Book Review: Revolutionary Road

Revolutionary Road- Richard Yates

Way back in 2008, Rich and I watched Revolutionary Road due to all the hype about Leo and Kate reuniting. 6 years later, I could only remember the final image and perhaps something about a couple at a dance. So when I saw the novel in a local charity shop, I decided it was time I read the original text and refreshed my memory.
Interestingly enough, having just read Stoner, I found this novel similar in many ways. Both feature couples marrying for the wrong reasons and living a miserable suburban life. Both have a male protagonist who throws himself into his career, eventually having an affair with a girl from work. Perhaps most strikingly, both address the theme of a wasted life- going through the motions of life and keeping up appearances rather than doing what you really want.

Revolutionary Road, in case you hadn't worked it out from the above, tells the story of Frank and April Wheeler, who live an unhappy, often violent, life of suburbia. As they attempt to make plans that fulfill a happy, content life, events predictably go awry and lead to a life together that feels more hopeless than ever.

The novel opens with April Wheeler, who once dreamed of being an actress, performing on stage for a local amateur dramatic production. This idea of being on stage is present throughout the novel. It is sectioned in three parts, much like the traditional three-act structure in playwriting, and the lives of the Wheelers are on show. From the outside, they have a perfect life but they are merely playing characters in a fictitious account of their marriage. Behind the scenes, if you will, is where the misery plays out.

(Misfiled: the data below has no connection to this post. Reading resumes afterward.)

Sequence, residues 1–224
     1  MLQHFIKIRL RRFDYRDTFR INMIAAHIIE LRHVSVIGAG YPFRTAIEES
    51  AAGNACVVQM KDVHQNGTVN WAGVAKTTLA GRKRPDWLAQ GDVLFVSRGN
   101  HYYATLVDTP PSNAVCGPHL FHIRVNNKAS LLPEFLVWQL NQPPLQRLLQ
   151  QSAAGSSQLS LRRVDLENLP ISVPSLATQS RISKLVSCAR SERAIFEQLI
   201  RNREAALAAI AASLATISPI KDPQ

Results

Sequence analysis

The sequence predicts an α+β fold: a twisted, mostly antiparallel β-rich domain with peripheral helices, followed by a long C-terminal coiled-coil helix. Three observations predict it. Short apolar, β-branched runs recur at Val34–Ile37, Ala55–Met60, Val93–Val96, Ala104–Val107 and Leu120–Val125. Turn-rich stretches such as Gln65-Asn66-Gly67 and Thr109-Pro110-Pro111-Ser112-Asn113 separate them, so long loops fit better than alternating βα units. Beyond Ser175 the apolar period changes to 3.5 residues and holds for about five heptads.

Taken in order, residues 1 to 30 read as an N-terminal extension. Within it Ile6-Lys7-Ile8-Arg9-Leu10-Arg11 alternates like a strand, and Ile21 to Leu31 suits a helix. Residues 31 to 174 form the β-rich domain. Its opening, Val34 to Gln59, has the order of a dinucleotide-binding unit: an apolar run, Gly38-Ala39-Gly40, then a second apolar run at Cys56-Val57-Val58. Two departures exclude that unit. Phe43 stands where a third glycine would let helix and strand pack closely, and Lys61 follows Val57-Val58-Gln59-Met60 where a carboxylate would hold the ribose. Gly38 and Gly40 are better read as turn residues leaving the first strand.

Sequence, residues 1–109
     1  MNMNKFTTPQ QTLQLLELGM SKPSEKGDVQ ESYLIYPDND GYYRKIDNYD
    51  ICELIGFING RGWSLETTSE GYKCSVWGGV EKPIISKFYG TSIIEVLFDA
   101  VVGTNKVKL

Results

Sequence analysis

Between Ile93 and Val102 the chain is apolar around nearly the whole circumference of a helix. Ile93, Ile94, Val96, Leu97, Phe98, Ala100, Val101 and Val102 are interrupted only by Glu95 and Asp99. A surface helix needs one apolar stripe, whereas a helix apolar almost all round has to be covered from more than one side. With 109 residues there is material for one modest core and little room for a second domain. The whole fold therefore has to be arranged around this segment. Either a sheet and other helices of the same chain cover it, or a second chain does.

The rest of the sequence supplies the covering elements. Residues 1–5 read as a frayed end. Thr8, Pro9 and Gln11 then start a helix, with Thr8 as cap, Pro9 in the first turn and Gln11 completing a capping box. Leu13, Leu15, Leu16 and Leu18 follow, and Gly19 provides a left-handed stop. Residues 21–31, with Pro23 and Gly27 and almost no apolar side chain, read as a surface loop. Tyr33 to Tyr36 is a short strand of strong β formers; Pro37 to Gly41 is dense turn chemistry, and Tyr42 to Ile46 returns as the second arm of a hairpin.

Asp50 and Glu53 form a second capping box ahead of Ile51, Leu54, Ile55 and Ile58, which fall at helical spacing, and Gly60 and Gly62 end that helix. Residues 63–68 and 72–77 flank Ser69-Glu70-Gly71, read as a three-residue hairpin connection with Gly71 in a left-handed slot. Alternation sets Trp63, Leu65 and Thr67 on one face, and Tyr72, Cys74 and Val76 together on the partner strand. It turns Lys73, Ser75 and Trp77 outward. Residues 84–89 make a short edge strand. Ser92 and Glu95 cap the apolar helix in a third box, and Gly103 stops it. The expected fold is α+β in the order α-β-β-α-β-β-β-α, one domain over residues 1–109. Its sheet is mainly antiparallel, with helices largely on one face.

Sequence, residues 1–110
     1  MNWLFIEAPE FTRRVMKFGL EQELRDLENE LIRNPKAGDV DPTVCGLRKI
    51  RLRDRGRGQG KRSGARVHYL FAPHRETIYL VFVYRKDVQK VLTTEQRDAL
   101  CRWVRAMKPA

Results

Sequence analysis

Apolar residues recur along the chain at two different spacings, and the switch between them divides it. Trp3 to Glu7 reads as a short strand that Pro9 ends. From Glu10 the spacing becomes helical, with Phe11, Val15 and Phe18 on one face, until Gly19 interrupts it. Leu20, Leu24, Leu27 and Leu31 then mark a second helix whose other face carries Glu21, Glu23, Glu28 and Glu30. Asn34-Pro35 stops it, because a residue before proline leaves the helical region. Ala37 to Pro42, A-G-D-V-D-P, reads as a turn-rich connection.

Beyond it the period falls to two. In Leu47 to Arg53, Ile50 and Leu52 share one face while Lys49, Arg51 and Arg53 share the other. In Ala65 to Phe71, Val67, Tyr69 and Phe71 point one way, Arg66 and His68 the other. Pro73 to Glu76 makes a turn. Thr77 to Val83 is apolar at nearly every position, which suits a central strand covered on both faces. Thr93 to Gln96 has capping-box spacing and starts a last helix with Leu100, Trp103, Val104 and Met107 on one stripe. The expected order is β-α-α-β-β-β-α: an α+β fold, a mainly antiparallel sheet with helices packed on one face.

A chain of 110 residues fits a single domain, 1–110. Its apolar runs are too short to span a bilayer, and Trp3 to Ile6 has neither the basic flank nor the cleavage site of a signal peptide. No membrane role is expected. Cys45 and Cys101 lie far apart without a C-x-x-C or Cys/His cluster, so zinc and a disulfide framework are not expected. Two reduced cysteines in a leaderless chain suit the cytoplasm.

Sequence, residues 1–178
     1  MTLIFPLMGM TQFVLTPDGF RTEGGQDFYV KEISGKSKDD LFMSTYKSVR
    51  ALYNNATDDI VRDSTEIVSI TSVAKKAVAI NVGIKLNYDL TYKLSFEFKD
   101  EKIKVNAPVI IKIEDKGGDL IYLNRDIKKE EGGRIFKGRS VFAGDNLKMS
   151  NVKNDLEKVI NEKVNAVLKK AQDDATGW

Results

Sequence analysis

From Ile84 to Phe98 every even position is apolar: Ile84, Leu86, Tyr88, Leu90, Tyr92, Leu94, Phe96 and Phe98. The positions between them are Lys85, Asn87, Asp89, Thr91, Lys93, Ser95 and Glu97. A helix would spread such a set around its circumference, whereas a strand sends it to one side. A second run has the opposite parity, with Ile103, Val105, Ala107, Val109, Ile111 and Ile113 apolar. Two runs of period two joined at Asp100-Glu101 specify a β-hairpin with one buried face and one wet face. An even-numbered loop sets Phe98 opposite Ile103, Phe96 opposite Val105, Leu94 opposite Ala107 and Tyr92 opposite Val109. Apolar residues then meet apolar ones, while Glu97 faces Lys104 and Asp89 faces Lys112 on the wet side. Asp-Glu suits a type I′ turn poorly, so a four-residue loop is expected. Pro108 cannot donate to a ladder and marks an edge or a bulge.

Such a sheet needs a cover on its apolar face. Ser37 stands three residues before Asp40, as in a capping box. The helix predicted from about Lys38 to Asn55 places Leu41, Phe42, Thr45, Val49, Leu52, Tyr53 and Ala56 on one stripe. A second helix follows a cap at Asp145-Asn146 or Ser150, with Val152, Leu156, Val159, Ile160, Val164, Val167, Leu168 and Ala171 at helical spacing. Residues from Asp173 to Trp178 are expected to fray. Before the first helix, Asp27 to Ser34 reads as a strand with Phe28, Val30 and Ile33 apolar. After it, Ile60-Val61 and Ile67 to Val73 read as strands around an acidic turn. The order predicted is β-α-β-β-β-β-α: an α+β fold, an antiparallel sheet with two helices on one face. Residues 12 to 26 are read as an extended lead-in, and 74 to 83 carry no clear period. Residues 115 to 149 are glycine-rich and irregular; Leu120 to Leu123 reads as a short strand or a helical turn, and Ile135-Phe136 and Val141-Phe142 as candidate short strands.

The Wheelers' marriage, and the seemingly comfortable lives of their neighbours, is the aspirational life for many: A pleasant home in a nice neighbourhood, a stable job, two well-behaved children. Revolutionary Road teaches us that this is not necessarily the ideal. We are all remarkably close to becoming another Wheeler: Don't let yourself fall into the trap that is comfortable suburbia. It's all an act. 

Buy Revolutionary Road here

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1 comment :

  1. I love this book so much. One I would definitely re-read if my "Books I've Never Read But MUST" pile wasn't so big!


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